Fifth about The Seventh

Thor: Love and Thunder

Thor: Love and Thunder: there is, of course, nothing inherently serious about the space adventures of a mythological god turned super-hero, but director Taika Waititi takes that silliness and keeps cranking it up and up and up until the whole thing becomes essentially unbearable, simply because most jokes land with a heavy thud. It’s not a surprise the film is at its best when it gets more serious. It wastes an interesting (but typically simplistic) villain, powerful and with a relatable motivation; it is a good, creepy creation by Christian Bale. The film also disrespects one of its own heroes, the newly introduced Mighty Thor, making her a bag of muscles with fighting prowess and little else; Natalie Portman is in impressive physical shape but has little to do. The same can be said of Tessa Thompson. Chris Hemsworth is in tremendous physical shape, exploited almost to the limit, and he deals well enough with the change of key of his character. The production designer Nigel Phelps’ work is pretty good, mainly in evidence as a particular city is visited briefly. Everything else is pretty competent but unmemorable.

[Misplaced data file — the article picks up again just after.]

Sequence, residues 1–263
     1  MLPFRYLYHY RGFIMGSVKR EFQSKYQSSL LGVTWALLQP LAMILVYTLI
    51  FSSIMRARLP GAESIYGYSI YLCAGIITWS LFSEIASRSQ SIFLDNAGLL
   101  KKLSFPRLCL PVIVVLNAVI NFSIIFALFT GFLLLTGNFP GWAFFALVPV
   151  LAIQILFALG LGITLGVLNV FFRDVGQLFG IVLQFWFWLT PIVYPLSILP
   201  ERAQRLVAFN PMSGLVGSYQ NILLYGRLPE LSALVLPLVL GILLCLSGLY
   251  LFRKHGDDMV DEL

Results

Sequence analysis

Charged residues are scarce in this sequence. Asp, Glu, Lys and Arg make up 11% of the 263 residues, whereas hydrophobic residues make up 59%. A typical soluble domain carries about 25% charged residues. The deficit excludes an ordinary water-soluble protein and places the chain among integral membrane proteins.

Read also: Thor: Ragnarok

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